On the day Secretary Blinken and FM Lavrov were meeting in Iceland, the State Department notified the Congress that vessels, entities, and individuals involved in construction of NordStream2 (NS2), including the project-implementing company, its CEO and senior executives, are subject to sanctions under the US Protecting Europe’s Energy Security Act (PEESA) for their roles in building the under-sea gas pipeline from Russia to Germany. Accordingly, four Russian vessels and nine additional vessels owned by the Russian government’s Marine Rescue Service were put under sanctions. However, the Secretary of State decided to waive sanctions on the operating company, its CEO and other executives, on consideration of the national interest. Transactions and activities of the Marine Rescue Service vessels, not connected with NS2 implementation, were also freed from application of sanctions.

This was a major U-turn. Implacable opposition to NS2 was a position that the Biden Administration willingly inherited from its predecessor, with every government representative, from the President down, repeating at every opportunity that NS2 was a Russian geopolitical project, undermining Europe’s energy security. Secretary Blinken had warned, as recently as in March, that working on NS2 was “sanctionable behaviour” and should be stopped immediately. This position is popular with Ukraine (which fears reduction of its economic and political leverage, if there is an alternate to the Ukraine transit route for Russian gas supply to Europe) and with a number of central and eastern European countries, for a mix of strategic and commercial reasons.

The State Department explained that invoking PEESA to sanction NS2 would “negatively impact US relations with Germany, the EU and other European allies and partners”. The White House spokesperson was more practical in her response: “how does one stop a pipeline that is 95% complete?”. The President also remarked that he was not willing to rupture relations with Germany over NS2, though he said they know his opposition. This may be a hint that some kind of compromise could be worked out. A number of possibilities may still exist: voluntary German restraint on the amount of gas imported through NS2, a formal commitment that NS2 gas will only be over and above the full capacity of Ukrainian transit, or some other. The attitude to NS2 of the new German government, after national elections in September, is another unknown.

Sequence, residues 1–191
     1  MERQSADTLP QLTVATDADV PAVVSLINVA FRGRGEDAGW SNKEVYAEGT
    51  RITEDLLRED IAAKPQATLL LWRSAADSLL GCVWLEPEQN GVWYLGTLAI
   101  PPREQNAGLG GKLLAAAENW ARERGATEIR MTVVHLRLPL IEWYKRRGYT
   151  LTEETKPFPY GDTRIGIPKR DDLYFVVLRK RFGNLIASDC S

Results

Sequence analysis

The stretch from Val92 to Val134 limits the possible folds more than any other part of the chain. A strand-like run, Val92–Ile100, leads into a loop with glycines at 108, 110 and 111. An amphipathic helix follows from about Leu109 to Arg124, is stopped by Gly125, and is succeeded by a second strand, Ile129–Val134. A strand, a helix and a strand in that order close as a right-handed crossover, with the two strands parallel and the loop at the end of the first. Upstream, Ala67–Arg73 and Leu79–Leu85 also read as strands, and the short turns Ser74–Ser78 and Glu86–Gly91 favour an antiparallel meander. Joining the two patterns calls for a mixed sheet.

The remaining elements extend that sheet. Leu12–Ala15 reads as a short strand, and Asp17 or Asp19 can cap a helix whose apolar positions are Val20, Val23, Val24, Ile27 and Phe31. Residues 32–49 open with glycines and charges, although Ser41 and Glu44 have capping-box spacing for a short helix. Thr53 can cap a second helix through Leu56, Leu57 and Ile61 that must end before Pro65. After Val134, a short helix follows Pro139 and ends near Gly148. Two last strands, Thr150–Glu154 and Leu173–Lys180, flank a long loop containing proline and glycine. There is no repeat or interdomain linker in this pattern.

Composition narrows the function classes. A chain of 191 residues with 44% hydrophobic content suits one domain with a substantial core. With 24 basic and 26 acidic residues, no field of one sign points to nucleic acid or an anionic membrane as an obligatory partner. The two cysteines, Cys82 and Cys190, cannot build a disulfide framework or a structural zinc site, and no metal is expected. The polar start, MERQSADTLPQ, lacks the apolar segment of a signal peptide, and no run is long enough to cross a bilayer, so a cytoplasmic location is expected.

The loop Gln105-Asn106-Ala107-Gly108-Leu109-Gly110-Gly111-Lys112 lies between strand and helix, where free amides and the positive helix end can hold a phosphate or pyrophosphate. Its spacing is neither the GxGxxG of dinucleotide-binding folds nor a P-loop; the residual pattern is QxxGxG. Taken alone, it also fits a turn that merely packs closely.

At this stage, however, this announcement was well-timed to lighten the atmosphere of the Blinken-Lavrov meeting and the future summit.  

Ukraine feels let down by the US & NATO

The Review 4/21 had described the efforts of the US, France and Germany, as well as the G7 collectively, to put a lid on the tensions in and around Ukraine, so as not to upset the apple cart of the planned US-Russia summit in June. Secretary Blinken’s visit to Ukraine in early May was probably meant to reassure the Ukrainian leadership of US support, before the Biden-Putin meeting. He met with the entire top leadership. He reiterated support for Ukraine’s sovereignty and territorial integrity and for its objective of retrieving control over its entire territory, including eastern Ukraine and Crimea. He conveyed (in general terms) the US commitment to defence assistance, without expanding on the nature of weaponry under consideration. But a number of things he said, and others that he did not, should have caused Ukraine some concern. He equated the two twin challenges for Ukraine – Russian aggression and internal corruption, said they were linked and urged Ukraine to tackle the latter (implying they were not doing a very good job at it). Talking of Ukraine’s Euro-Atlantic ambitions (desire to be put on the path to NATO membership), he clearly indicated that Ukraine had first to go some distance in its reform agenda and strengthening its democratic processes. President Zelenskyy talked of “full understanding” with the US on NS2, which he said was a “very sensitive issue” for Ukraine. Secretary Blinken did not respond (the reason for that is clear now). He was also somewhat vague about the possibility of a greater US role in the Minsk process (which President Zelenskyy has been very vocal about), saying the US would continue to explore opportunities to help advance the diplomacy. Clearly, the intention was not to say anything that would queer the pitch for the summit in June, at which Ukraine would figure pretty prominently.